It’s good practice to know whether or not your cell phone has an easy way to access 911. Some have a designated button, while others reduce the amount of steps you need to take in order to dial out in an emergency. For instance, on an iPhone, you can slide to unlock your screen and then immediately click on “Emergency” to activate a keyboard to dial 911 on.
We are always looking out for the safety of our residents. If you ever have a concern about you or your spouse’s personal safety, please make us aware.
If you’ve always been a lifelong learner, that feeling doesn’t go away once you hit retirement age. It’s very common for retirees to want to pursue continuing education. According to FinAid, “Nontraditional students age 30 and above represent 14.4% of undergraduate students pursuing a Bachelor’s degree.”
But did you know that you can possibly accomplish all of your learning goals at little or no cost to you?
Waivers, Scholarships, and Grants
There are three different ways that you can have the burden of student loan debt be lifted off of your shoulders. Waivers completely do away with your tuition costs, meaning that you are attending classes for free and won’t have to pay the money back. According to US News, “Approximately 60 percent of accredited degree-granting educational institutions offer tuition waivers for older adults, according to a November 2008 survey by the American Council on Education.” You don’t have to pay back grants or scholarships, either, but they usually only cover part of your tuition. All of these options will require you to apply, and it’s important to apply early. Start looking for options several months before you plan on attending classes.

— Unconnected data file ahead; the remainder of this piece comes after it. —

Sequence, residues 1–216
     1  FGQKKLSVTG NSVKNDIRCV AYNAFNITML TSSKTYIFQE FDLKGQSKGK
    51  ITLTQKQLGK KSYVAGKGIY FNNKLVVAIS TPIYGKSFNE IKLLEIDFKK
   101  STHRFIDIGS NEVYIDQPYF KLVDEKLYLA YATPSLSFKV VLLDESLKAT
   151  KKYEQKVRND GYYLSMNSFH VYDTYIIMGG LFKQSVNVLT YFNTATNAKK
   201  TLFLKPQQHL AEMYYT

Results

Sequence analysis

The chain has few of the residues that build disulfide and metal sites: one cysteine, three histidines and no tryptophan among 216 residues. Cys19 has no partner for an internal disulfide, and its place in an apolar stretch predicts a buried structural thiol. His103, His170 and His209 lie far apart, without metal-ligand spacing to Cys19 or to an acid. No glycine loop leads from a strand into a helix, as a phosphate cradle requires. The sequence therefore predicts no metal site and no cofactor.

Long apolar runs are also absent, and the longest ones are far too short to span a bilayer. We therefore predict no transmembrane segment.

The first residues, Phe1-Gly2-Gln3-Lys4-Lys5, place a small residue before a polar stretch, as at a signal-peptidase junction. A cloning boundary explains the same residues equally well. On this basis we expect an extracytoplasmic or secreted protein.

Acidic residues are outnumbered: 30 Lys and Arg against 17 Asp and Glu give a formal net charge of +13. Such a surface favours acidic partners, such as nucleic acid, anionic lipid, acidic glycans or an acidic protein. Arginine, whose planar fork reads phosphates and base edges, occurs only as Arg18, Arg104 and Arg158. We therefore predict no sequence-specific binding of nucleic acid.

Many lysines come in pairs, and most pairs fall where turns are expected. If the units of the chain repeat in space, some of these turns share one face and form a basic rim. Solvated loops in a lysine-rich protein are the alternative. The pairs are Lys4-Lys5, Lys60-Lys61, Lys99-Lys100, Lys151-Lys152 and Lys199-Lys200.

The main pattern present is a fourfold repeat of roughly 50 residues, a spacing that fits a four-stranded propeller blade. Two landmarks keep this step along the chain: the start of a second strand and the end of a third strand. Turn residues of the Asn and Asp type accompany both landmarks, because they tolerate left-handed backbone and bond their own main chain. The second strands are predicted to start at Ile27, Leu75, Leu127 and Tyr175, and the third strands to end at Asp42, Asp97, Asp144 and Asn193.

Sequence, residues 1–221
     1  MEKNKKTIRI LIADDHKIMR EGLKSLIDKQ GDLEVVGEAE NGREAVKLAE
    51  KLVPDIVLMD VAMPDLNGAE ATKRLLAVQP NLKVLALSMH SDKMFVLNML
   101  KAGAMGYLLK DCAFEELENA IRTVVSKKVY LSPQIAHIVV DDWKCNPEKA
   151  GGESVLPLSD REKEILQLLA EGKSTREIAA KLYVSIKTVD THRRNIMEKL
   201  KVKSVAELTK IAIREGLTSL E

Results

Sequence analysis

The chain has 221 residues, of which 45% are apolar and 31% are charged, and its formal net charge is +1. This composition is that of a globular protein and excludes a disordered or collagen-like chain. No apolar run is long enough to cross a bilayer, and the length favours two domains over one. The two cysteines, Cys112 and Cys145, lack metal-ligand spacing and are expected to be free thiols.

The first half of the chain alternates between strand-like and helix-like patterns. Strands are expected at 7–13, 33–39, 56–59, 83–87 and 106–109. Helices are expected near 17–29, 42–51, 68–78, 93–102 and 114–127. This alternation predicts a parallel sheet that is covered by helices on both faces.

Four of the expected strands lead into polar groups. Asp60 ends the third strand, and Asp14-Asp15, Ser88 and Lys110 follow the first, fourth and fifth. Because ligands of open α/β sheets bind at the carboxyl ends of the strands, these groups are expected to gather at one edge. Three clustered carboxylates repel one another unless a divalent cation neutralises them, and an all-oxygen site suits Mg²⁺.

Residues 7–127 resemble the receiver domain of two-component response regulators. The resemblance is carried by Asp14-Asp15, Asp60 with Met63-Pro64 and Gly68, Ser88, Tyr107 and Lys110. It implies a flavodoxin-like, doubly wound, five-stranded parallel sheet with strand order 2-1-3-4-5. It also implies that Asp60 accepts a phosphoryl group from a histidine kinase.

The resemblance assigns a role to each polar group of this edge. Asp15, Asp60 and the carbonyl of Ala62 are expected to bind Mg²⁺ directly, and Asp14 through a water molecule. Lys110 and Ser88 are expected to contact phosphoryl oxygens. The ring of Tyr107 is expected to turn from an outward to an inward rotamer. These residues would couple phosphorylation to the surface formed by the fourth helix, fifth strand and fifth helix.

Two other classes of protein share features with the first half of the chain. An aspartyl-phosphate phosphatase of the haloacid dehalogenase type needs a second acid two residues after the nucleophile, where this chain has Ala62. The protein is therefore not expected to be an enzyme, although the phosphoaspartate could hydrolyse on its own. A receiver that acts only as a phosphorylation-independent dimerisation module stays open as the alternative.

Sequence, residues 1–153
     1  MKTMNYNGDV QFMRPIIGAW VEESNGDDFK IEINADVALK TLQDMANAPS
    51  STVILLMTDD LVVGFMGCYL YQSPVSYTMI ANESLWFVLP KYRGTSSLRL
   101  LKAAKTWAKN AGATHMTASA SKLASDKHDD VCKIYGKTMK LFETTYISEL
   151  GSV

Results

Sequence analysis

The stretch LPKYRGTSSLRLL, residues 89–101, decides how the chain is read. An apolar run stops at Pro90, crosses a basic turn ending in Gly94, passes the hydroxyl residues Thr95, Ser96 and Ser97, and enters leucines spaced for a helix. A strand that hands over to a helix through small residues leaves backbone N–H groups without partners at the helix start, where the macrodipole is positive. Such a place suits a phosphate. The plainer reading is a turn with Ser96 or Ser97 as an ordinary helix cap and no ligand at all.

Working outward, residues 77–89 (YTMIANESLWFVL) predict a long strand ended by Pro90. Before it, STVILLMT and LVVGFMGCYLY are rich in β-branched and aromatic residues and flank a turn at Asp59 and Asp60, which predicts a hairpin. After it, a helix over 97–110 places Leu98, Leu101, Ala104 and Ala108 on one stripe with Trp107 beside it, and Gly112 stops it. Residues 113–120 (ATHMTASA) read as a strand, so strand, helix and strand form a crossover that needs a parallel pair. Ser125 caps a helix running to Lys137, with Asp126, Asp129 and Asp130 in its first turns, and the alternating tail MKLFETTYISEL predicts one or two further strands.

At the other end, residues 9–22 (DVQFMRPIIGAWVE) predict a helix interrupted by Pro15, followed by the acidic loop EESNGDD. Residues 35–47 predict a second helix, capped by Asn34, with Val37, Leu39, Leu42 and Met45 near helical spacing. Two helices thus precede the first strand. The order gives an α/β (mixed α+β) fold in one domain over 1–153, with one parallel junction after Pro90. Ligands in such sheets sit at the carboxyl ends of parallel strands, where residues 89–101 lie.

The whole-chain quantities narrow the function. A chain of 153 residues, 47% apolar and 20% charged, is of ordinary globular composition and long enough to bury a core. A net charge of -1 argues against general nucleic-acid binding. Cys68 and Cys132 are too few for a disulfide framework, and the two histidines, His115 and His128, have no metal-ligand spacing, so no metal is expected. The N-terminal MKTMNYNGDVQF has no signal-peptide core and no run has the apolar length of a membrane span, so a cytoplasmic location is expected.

Alternatives to the Traditional University
In addition to attending classes at a regular university, you also have the option to attend a lower-cost community college, take classes online, or audit a class for no credit. Community colleges can offer the high-quality lessons that universities can, depending on the school and program, and come at a fraction of what you would pay to attend traditional university.
The website Get Educated provides a lot of resources for adults looking to take online classes. It helps you find schools, find the degree you want to pursue, and shows you many options for getting yourself through classes with financial aid. Locally, the Carnegie Library of Pittsburgh promotes learning after retirement and offers up resources of their own. AARP also offers online classes and lectures for someone who has interest in learning more but doesn’t want to enroll in a full program.
Do Your Research
The best thing you can do for yourself is to think about what you would like to learn, research which local institutions or online schools offer your program, and then find out how much financial aid you may be able to receive. A Senior Citizen’s Guide to College offers a list of Pennsylvania schools and the type of financial aid they provide to retirees.
Sherwood Oaks supports our residents’ decision to advance their learning, and in March and October, we have our own brand of continuing education for our residents. Speakers come in to discuss various topics, and the events have become a favorite of residents.